When the Penn State child sex abuse allegations story broke, I was as disgusted as the next person, but I didn’t talk to much about. That was partly out of lack of information, but also because I was so disgusted by it. If the allegations were true (I believed them to be and they have since been found to be), how terrible for the kids that were raped, abused and molested by Jerry Sandusky. I can not even begin to imagine what these children had to endure and it makes me sick to my stomach. You knew that Sandusky would have his supporters, but you also had to wonder how something like this could go on for so many years. To anyone with a brain, there was only one explanation, there was a coverup. And it was a big one, but who was involved and to what extent? Now the truth has come out.
Former FBI Director Louis Freeh has done an investigation at the request of university trustees and his report can be found here. I have not yet read the full report, but it looks like it confirms what I and many others believed all along. The actions of Sandusky were covered up for many years by multiple high ranking officials at Penn State, starting with former Head Coach of football, Joe Paterno. I am not going to comment very much about Paterno’s role in all of this since he has passed away, but he is as guilty, if not more so, in allowing the rapes, abuse and molestation to continue for years and years. Paterno was forced out of his position as was University President Graham Spanier. Vice President Gary Schultz and Athletic Director Tim Curley have also been implicated and are no longer in their positions. They have been charged with lying to a grand jury and failure to report abuse and are currently awaiting trial. They have both plead not guilty and have asked for the charges to be dropped.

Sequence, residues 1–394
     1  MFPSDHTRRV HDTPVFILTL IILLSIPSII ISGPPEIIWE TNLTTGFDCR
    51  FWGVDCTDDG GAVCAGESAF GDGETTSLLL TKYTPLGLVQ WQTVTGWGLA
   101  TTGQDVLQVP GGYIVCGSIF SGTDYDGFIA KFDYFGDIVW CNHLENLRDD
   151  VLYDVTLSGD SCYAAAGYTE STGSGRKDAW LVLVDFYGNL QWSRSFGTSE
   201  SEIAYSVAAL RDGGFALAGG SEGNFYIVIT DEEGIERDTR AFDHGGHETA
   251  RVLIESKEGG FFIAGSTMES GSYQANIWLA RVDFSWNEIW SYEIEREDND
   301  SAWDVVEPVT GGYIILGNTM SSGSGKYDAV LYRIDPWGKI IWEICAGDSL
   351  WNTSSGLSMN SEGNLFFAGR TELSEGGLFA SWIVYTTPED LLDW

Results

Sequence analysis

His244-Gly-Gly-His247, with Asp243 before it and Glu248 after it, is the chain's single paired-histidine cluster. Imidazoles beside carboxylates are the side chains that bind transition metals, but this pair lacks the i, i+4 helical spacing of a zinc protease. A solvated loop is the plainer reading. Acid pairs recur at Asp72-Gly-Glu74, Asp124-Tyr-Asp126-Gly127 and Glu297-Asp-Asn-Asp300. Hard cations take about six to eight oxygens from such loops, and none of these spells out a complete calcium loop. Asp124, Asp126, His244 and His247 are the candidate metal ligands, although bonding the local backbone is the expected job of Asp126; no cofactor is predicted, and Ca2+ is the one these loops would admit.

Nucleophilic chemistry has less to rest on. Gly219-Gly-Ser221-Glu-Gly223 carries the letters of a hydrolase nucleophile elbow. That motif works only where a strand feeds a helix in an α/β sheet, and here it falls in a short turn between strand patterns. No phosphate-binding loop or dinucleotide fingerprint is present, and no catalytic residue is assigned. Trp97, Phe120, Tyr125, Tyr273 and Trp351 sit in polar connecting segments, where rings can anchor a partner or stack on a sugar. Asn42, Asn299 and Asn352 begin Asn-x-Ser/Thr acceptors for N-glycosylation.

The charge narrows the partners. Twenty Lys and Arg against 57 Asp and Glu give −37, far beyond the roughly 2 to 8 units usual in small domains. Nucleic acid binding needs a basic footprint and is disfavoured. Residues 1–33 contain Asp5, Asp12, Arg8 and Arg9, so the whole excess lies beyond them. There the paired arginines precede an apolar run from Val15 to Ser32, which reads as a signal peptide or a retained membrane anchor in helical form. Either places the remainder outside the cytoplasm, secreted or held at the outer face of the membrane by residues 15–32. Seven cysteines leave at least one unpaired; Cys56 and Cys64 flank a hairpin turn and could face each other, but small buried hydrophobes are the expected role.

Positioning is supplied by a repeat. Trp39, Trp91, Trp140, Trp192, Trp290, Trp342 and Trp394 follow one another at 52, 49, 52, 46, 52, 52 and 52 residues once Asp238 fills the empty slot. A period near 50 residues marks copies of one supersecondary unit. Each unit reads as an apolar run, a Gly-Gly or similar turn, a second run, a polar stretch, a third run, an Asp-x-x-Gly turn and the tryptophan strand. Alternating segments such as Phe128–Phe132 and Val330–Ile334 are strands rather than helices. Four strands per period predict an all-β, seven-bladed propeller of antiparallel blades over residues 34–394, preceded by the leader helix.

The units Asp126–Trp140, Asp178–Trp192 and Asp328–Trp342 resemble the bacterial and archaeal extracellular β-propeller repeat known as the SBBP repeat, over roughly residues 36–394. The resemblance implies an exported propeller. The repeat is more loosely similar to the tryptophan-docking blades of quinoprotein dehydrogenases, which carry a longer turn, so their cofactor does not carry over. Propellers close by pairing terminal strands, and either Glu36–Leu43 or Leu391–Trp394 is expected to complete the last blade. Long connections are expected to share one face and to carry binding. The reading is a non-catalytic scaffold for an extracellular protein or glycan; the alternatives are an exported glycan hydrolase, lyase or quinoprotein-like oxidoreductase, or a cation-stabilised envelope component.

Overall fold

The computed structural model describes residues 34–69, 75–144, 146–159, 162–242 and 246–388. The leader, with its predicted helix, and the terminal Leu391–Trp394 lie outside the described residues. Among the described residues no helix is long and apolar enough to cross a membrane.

In my opinion, Spanier, Schultz and Curley should be locked up for a long, long time. They should never be allowed anywhere near any educational institution or have anything to do with athletics, in any capacity, ever again. They should also be forced to either pay money to the victims and/or donate to charities that cater to abused children. They should never be free again. Sandusky has been convicted of 45 criminal counts for the rapes and abuse he committed on 10 boys (there may be even more) and will more than likely, spend the rest of his life in prison. He should be forced to serve his term in general population and whatever happens to him, happens.
Now that Freeh’s report is out, people are wondering what type of punishment, if any, the school should receive. The school not only turned it’s back on these children, but, in my opinion, facilitated it by allowing Sandusky to have access to school and it’s facilities even after being made aware of the abuse. There is no defense for that, but how do you penalize a school? The five headed monster behind this (Sandusky, Paterno, Curly, Spanier, Schultz) should all end up in prison (or have passed on). Is that enough? I certainly don’t want to speak for the victims, and let’s be clear, the only victims here are the kids, but I don’t think there is anything that can be done to right this for them.